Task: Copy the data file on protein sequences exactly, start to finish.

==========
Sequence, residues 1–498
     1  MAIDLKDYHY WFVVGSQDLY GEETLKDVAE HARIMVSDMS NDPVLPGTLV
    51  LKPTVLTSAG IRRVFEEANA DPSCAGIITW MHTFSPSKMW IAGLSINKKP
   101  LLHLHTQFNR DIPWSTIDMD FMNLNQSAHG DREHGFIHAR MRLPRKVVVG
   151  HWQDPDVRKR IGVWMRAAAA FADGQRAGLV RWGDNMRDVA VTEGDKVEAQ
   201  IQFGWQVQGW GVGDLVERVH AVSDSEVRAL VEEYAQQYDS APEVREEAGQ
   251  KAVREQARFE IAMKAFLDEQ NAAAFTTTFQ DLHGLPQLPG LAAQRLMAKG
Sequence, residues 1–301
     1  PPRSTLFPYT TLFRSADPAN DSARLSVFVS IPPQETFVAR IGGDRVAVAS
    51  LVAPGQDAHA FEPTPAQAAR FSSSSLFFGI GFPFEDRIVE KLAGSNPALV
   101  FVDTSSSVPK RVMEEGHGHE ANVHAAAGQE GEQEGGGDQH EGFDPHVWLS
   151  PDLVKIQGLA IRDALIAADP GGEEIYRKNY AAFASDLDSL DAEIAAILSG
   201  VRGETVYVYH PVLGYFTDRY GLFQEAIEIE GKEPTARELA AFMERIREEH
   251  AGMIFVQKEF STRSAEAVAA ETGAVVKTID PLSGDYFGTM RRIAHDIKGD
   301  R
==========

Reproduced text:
Sequence, residues 1–498
     1  MAIDLKDYHY WFVVGSQDLY GEETLKDVAE HARIMVSDMS NDPVLPGTLV
    51  LKPTVLTSAG IRRVFEEANA DPSCAGIITW MHTFSPSKMW IAGLSINKKP
   101  LLHLHTQFNR DIPWSTIDMD FMNLNQSAHG DREHGFIHAR MRLPRKVVVG
   151  HWQDPDVRKR IGVWMRAAAA FADGQRAGLV RWGDNMRDVA VTEGDKVEAQ
   201  IQFGWQVQGW GVGDLVERVH AVSDSEVRAL VEEYAQQYDS APEVREEAGQ
   251  KAVREQARFE IAMKAFLDEQ NAAAFTTTFQ DLHGLPQLPG LAAQRLMAKG
Sequence, residues 1–301
     1  PPRSTLFPYT TLFRSADPAN DSARLSVFVS IPPQETFVAR IGGDRVAVAS
    51  LVAPGQDAHA FEPTPAQAAR FSSSSLFFGI GFPFEDRIVE KLAGSNPALV
   101  FVDTSSSVPK RVMEEGHGHE ANVHAAAGQE GEQEGGGDQH EGFDPHVWLS
   151  PDLVKIQGLA IRDALIAADP GGEEIYRKNY AAFASDLDSL DAEIAAILSG
   201  VRGETVYVYH PVLGYFTDRY GLFQEAIEIE GKEPTARELA AFMERIREEH
   251  AGMIFVQKEF STRSAEAVAA ETGAVVKTID PLSGDYFGTM RRIAHDIKGD
   301  R